Mapping of travel and mutation of the virus over space has allowed the team at NextStrain to assemble an online resource tracking evolution of the disease-causing organism in real time in invaluable ways, much as it has provided tools to track previous outbreaks of infectious diseases as Zika, Ebola and Dengue: the ability to map the tremendous speed of its spread and infection, using a massive databank of mutations of the non-living virus that was tracked in real time through human hosts. Real samples help understand the virus over a global space, as one strain grew in China’s Hubei Province, and mutations developed and contracted in Washington, Germany, France and South America. By connecting the outbreaks of diseases over space in real time by tracking the weekly mutation rates of its life cycle, however, as the organization mapped the mutation of the SARS genome–and which had taken over three months to sequence–accelerated remarkably in an unprecedented data sharing across borders to meet the nature of the emergency and current needs, publishing the entire SARS-CoV-2 genome online within days of its identification by Chinese scientists–a tremendous acceleration.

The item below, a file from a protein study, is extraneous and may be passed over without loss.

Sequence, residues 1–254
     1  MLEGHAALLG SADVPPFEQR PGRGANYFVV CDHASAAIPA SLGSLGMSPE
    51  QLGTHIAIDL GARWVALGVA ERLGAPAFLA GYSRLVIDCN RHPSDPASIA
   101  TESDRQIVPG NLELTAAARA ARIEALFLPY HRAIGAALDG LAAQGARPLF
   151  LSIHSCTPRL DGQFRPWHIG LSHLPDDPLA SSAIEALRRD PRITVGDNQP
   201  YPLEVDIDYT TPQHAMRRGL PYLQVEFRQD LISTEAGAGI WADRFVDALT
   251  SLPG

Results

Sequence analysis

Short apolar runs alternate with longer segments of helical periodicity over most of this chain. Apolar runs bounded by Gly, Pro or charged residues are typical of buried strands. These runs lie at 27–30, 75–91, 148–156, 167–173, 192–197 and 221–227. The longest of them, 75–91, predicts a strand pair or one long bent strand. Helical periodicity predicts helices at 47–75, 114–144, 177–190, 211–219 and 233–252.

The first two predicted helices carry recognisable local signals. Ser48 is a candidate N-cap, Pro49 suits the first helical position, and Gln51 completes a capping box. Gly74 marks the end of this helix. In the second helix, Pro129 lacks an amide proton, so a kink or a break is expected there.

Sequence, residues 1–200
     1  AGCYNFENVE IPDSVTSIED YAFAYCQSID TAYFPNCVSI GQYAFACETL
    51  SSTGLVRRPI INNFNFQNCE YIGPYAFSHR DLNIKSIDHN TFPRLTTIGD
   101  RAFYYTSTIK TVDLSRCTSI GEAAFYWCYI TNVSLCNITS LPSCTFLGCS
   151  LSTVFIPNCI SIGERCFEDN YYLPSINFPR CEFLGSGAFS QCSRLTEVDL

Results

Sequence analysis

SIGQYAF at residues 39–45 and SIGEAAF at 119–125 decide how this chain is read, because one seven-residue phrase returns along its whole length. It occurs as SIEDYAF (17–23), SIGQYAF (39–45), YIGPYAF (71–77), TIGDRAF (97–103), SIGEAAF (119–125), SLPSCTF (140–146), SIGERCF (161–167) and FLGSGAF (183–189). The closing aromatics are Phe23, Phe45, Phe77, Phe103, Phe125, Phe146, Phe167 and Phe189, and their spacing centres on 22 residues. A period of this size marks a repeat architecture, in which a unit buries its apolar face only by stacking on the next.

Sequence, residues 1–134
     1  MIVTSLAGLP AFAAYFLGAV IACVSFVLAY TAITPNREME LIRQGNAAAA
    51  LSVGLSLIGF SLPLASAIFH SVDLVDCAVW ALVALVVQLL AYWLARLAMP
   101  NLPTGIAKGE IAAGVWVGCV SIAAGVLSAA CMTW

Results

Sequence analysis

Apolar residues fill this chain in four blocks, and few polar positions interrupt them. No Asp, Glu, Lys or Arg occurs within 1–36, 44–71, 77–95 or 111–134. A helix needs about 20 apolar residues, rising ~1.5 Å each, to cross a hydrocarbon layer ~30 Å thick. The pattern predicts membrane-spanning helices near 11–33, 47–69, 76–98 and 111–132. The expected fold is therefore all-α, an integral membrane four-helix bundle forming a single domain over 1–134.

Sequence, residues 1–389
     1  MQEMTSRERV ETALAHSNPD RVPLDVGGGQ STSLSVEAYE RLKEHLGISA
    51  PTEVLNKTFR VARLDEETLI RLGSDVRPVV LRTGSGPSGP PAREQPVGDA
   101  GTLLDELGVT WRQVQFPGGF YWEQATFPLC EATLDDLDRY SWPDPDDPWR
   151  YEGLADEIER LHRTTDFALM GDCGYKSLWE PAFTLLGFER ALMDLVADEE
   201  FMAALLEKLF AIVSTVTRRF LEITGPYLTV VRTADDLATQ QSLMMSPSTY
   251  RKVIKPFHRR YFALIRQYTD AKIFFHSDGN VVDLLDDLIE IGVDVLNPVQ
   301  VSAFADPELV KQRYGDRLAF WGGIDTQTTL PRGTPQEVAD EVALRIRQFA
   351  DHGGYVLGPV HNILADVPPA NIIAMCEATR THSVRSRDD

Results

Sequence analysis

Ability to plot an accurate distribution of viral strains aggregated from individual samples help understand the virus over a global space: but we mapped by national blocks.
Did the spatial spread of the virus truly seem so remote? Dispersal of the virus over geographic space was tracked in detail for its genomics, the possibility of its spatial spread or contraction across borders seemed remote. The open data allowed assembly of an animated map revealed the velocity of spatial proliferation of 700 different genomic signatures of the novel coronavirus, visualizing the course of the novel virus’ paths crucial to developing antiviral drugs we have never worked to develop, or thought we would need–because it was never considered ever to be so dangerous to humans.